Blood Management toolkit

January 18, 2022- Critical blood shortages have prompted a need to renew blood management efforts across McLaren Health Care.

Why Focus on Blood Management?

Due to critical blood shortages across the country, the American Red Cross recently made substantial changes in blood availability to all hospitals, including McLaren. These changes could threaten our ability to fulfill RBC orders in the coming weeks and months, as the nationwide blood product shortage is likely to continue indefinitely. McLaren is taking proactive steps to mitigate against the possibility of running dangerously low on in-house RBC units, which could lead to canceling some elective surgeries and/ or diverting trauma patients. Key among these steps is reinforcing and monitoring existing transfusion guidelines approved by the High Value Care team in 2018:

  • For hemodynamically stable, normovolemic inpatients and outpatients, the hemoglobin level indication for transfusion is < 7.0 g/dL, although patients with active cardiac symptoms may require a threshold of 7.5- 8.0 g/dL.

  • All stable patients without significant bleeding should be transfused a single unit of RBCs then reassessed: “Why Give Two When One Will Do.”

  • Blood management toolkit resources are now available on this website.

  • Daily blood inventory across the Subsidiaries will be reported to the CMOs.

We anticipate that these changes should not negatively impact the ability to provide quality patient care or negatively impact patient outcomes, and can potentially preserve our ability to care for emergent trauma patients without depleting our supply of RBC units. Please continue to exercise good stewardship and follow the updated transfusion guidelines during this difficult time when ordering blood products, and we will provide further updates as they become available.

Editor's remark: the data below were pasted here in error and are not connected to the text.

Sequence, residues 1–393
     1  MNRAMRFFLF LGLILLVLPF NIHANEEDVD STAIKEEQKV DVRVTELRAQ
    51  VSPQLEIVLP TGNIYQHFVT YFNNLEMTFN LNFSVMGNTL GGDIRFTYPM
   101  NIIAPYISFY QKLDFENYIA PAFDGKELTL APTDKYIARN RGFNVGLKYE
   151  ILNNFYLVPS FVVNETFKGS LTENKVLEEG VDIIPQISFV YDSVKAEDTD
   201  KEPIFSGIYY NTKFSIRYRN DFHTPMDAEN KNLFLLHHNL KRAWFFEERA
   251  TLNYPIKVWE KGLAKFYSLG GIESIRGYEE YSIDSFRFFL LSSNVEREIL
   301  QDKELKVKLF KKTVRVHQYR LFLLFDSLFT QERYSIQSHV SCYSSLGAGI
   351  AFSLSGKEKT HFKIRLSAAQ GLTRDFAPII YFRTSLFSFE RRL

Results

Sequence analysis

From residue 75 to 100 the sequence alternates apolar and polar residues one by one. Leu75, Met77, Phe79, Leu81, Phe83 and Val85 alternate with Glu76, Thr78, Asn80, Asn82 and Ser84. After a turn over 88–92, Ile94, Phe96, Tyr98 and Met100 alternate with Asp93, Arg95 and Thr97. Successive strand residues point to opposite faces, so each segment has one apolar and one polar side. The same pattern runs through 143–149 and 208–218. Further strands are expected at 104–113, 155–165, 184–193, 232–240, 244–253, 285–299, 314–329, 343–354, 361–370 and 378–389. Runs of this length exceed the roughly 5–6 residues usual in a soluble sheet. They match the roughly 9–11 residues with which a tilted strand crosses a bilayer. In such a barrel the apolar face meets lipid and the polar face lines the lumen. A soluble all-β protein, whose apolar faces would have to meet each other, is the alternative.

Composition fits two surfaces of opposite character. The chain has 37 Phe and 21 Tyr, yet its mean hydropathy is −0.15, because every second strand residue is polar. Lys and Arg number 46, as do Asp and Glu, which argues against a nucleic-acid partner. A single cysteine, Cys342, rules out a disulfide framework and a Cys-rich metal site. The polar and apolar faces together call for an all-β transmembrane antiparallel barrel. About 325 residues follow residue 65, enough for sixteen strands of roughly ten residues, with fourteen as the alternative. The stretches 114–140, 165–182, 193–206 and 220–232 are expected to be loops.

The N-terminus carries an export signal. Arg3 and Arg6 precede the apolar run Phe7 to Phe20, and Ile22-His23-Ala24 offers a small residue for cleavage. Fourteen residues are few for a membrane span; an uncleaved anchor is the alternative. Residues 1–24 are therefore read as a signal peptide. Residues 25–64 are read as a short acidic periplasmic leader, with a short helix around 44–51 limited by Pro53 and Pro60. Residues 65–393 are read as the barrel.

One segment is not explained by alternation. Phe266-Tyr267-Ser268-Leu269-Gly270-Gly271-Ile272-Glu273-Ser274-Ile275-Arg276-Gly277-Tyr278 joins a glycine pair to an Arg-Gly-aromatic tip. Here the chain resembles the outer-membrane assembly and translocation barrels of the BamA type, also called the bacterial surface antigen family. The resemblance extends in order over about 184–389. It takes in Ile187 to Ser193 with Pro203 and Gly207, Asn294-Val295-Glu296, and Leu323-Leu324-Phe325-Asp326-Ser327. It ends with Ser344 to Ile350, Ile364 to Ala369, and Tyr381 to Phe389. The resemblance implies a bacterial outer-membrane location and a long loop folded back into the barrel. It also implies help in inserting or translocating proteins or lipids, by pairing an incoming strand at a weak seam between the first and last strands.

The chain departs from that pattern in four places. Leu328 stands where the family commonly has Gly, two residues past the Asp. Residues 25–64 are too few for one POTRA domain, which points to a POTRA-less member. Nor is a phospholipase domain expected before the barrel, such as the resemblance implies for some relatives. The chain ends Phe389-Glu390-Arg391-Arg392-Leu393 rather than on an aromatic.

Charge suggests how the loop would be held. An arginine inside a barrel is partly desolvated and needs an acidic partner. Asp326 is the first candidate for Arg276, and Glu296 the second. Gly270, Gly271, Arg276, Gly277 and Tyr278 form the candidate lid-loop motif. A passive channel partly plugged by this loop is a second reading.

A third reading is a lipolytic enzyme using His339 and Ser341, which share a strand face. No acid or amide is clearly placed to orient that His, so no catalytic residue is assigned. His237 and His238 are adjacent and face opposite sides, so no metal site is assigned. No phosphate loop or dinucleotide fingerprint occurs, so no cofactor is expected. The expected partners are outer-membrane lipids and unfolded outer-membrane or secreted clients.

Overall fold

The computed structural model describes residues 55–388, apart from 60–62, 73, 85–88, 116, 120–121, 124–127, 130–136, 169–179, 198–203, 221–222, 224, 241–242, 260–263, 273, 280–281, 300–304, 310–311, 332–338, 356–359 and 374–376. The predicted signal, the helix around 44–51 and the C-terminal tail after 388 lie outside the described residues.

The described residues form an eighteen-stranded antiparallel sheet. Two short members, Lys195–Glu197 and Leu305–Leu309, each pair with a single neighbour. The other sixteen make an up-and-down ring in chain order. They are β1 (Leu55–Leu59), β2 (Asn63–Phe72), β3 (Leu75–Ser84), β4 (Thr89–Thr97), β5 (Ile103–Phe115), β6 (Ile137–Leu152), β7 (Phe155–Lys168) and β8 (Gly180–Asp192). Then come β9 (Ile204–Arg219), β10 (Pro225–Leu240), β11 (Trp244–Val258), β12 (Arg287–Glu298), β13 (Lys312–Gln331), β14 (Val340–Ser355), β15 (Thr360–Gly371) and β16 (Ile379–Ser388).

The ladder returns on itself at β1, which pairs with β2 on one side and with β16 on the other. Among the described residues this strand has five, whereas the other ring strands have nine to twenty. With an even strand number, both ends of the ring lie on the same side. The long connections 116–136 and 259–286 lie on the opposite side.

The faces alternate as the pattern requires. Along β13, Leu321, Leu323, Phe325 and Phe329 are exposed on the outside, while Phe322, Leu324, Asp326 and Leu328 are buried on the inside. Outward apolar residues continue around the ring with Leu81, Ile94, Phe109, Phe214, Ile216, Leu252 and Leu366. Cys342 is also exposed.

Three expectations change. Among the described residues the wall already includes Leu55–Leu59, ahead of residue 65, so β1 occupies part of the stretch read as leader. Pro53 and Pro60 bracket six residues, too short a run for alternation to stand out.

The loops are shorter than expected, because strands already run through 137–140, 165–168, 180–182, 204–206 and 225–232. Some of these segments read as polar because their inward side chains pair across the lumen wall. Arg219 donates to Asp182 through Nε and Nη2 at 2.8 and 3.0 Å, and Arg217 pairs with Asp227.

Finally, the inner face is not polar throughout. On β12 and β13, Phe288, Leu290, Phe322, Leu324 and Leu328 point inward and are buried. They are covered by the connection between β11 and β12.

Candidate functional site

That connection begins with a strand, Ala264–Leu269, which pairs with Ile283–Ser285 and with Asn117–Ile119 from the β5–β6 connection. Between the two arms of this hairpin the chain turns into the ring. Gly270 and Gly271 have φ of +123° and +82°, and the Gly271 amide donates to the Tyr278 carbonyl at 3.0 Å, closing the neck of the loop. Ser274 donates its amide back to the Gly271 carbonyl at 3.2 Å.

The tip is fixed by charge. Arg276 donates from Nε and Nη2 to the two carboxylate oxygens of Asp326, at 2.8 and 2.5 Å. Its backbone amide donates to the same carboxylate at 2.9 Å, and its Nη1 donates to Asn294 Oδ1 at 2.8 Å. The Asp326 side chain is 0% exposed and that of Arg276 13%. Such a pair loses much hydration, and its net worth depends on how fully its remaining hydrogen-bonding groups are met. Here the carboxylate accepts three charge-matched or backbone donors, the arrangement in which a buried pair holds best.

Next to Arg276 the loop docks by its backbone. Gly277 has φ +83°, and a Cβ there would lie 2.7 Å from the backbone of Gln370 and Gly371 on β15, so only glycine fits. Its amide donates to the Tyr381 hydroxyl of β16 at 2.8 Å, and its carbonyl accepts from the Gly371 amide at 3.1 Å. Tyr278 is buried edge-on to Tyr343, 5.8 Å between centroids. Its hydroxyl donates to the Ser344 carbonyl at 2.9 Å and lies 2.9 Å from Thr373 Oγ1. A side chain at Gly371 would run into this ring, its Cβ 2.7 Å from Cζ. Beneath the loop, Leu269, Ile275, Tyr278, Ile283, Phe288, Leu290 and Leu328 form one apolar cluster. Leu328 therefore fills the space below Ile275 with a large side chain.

Downloadable Posters

Blood Management- Less Is More.pdf
Blood Management- Every Drop.pdf
Blood Management- Why Give Two.pdf

Questions about this awareness campaign or about ways to advance High Value Care? Click here to contact the McLaren HVC Program.

Critical Blood Shortage Letter From Dr. McKenna

McLaren Blood Product Shortage Memo_220118.pdf

Choosing Wisely Lists Supporting Blood Management

Canadian Society of Transfusion Medicine

Ten things physicians and patients should question about blood transfusion.

American Association of Blood Banks

Don’t transfuse more units of blood than absolutely necessary.

Critical Care Societies Collaborative – Critical Care

Don’t transfuse red blood cells in hemodynamically stable, non-bleeding ICU patients with a hemoglobin concentration greater than 7 g/dL.

American Society of Anesthesiologists

Don’t administer packed red blood cells (PRBCs) in a young healthy patient without ongoing blood loss and hemoglobin of ≥6 g/dL unless symptomatic or hemodynamically unstable.

American Academy of Family Physicians

Don’t transfuse more than the minimum of red blood cell (RBC) units necessary to relieve symptoms of anemia or to return a patient to a safe hemoglobin range (7 to 8 g/dL in stable patients).

American Society of Hematology

Don’t transfuse more than the minimum number of red blood cell (RBC) units necessary to relieve symptoms of anemia or to return a patient to a safe hemoglobin range (7 to 8 g/dL in stable, non-cardiac in-patients).

Society for the Advancement of Patient Blood Management

Don’t proceed with elective surgery in patients with anemia until properly diagnosed and treated.

American Society of Hematology-American Society of Pediatric Hematology/Oncology

Don’t transfuse platelets in an asymptomatic (i.e., non-bleeding) pediatric patient with hypoproliferative thrombocytopenia (e.g. aplastic anemia, leukemia, etc.), with a platelet count > 10,000/mcL who is at least one year old, unless signs and/or symptoms for bleeding develop, or if the patient is to undergo an invasive procedure.

Society for the Advancement of Patient Blood Management

Don’t transfuse plasma in the absence of active bleeding or significant clinical and laboratory evidence of coagulopathy.